TitleEssays on vertical restraints and vertical integration
NameCetinkaya, Volkan (author), Perry, Martin (chair), Rubin, Jeffrey (internal member), Campbell, Colin (internal member), Asher, Martin (outside member), Rutgers University, Graduate School - New Brunswick,
DescriptionThis dissertation contains three essays which examine vertical integration and vertical restraints. The first essay examines a vertical restraint, Minimum Advertised Price (MAP) which is often observed in vertical relations as a remedy for the horizontal externality in provision of service. Retailers provide a variety of services that affect the sale of their products such as demonstrations and the provision of information and advice. These retail services can generate horizontal externalities among retailers. In such a case, the individual retailer realizes less than the full effect on aggregate profits of his additional retail services and therefore provides less than the optimal level of service. This study shows that MAP can ensure optimal level of service and it duplicates the welfare outcome of vertical integration regardless of the level of service externality.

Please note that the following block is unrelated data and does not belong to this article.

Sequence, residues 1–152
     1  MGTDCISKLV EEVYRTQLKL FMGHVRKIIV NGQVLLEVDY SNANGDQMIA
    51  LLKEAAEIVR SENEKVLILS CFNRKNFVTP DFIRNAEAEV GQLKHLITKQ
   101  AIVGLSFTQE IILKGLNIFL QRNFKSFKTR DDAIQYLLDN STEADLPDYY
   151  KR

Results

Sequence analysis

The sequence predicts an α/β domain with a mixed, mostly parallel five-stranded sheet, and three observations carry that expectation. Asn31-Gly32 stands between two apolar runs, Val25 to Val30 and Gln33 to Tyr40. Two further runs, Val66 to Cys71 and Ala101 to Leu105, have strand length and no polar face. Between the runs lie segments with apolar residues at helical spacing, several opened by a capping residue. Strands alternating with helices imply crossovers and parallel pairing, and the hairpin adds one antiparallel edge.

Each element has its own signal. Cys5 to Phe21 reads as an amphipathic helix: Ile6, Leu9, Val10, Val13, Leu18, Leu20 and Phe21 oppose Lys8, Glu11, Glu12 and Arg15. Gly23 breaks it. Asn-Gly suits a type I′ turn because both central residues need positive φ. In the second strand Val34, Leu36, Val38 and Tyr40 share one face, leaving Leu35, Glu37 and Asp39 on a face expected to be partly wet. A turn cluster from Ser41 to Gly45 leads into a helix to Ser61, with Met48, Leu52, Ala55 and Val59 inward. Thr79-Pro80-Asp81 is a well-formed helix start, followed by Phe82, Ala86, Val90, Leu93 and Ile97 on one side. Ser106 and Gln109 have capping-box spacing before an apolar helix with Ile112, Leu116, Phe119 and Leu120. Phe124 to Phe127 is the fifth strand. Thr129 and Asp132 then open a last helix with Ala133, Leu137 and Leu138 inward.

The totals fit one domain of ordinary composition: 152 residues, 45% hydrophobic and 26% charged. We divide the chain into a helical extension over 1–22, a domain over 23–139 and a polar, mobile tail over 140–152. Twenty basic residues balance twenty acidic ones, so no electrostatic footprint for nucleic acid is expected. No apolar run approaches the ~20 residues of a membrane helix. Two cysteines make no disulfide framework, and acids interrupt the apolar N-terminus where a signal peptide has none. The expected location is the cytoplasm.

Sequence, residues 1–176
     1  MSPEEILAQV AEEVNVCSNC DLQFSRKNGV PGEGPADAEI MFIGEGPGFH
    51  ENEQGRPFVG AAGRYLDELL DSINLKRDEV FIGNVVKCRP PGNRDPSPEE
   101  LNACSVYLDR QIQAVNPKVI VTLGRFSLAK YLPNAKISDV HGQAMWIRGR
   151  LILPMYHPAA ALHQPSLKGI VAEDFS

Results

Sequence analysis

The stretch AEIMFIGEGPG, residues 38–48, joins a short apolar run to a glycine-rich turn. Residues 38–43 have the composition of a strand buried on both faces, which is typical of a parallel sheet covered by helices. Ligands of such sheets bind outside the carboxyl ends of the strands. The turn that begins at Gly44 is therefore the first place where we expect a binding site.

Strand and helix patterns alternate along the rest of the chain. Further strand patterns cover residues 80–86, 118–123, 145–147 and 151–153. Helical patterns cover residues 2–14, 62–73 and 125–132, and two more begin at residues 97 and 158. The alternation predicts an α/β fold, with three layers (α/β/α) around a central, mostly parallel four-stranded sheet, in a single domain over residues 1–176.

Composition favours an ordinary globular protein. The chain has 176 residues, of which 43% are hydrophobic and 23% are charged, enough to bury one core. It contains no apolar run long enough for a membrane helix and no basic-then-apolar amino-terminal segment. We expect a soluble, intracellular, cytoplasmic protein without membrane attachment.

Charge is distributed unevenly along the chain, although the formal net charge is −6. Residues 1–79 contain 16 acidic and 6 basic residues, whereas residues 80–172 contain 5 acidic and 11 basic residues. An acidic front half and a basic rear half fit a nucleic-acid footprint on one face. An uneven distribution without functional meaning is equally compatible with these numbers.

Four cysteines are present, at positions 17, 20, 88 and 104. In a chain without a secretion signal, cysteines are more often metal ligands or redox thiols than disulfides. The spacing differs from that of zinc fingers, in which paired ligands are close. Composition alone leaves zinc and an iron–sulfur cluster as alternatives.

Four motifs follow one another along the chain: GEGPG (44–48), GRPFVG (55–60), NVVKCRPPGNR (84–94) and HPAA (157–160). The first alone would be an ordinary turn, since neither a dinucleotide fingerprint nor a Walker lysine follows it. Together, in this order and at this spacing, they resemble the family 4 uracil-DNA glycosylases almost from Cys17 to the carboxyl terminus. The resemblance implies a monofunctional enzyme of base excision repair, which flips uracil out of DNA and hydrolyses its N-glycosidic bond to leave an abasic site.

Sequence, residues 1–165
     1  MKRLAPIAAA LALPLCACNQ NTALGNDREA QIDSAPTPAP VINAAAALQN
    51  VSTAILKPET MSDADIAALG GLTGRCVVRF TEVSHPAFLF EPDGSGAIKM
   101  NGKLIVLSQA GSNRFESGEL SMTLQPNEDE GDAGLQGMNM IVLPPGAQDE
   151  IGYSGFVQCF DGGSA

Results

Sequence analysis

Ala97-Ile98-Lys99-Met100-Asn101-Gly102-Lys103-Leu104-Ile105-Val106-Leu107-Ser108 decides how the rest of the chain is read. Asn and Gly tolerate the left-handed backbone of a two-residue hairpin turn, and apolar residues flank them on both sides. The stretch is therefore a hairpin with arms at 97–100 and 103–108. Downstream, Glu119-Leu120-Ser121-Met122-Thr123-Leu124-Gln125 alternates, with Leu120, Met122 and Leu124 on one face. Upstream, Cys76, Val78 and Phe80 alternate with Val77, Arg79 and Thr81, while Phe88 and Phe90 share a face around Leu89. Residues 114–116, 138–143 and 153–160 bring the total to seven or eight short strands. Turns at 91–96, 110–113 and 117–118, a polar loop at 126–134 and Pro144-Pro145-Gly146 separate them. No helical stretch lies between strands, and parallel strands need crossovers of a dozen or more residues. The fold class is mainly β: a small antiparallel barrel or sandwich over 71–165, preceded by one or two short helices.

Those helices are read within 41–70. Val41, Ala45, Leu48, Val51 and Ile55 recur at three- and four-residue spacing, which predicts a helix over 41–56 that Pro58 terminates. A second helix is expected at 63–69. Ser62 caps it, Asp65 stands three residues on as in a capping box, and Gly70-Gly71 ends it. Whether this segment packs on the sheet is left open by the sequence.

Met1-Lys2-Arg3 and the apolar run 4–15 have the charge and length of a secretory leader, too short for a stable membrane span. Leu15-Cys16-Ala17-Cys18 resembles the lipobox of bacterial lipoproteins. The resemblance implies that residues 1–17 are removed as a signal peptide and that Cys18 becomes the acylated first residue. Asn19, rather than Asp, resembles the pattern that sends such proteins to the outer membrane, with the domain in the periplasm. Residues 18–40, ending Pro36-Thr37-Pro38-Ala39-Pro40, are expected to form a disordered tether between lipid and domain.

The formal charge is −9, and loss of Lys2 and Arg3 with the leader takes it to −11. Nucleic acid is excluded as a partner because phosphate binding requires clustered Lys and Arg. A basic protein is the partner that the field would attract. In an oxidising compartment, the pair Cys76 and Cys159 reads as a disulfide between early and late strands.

The second essay explores the private and social desirability of vertical restraints imposed by a manufacturer on its retailers when there is uncertainty in demand or cost. A monopoly manufacturer offers a contract to retailers in an environment where the retailers compete in quantities and possess superior information about local demand conditions or their costs of distribution. Two vertical restraints are studied: Resale Price Maintenance and Exclusive Territories. In particular, this study shows that resale price maintenance and exclusive territories are not substitutes. If the retailers are infinitely risk averse, the manufacturer prefers resale price maintenance under demand uncertainty, and quantity competition under cost uncertainty. However, if the retailers are risk neutral, the manufacturer prefers resale price maintenance regardless of the type of uncertainty.
The last essay examines affiliations that integrate physicians and hospitals. Managed care organizations shifted financial risks to health care providers by changing the payment method from fee-for-service to capitation. Due to this emerging financial risk, one of the strategies that physicians adopted was establishing affiliations with hospitals. This study performs an empirical analysis of the effect of the affiliation types on three important dimensions of health care: quality, cost, and price. The empirical results show that when the affiliation between a hospital and physicians is strong, the integrated organization operates more efficiently than independent hospitals. However, affiliations that weakly integrate hospitals and physicians produce a lower quality of health care with higher cost and price.
NoteIncludes bibliographical references (p. 96-99)
Noteby Volkan Cetinkaya
CollectionGraduate School - New Brunswick Electronic Theses and Dissertations
Organization NameRutgers, The State University of New Jersey
RightsThe author owns the copyright to this work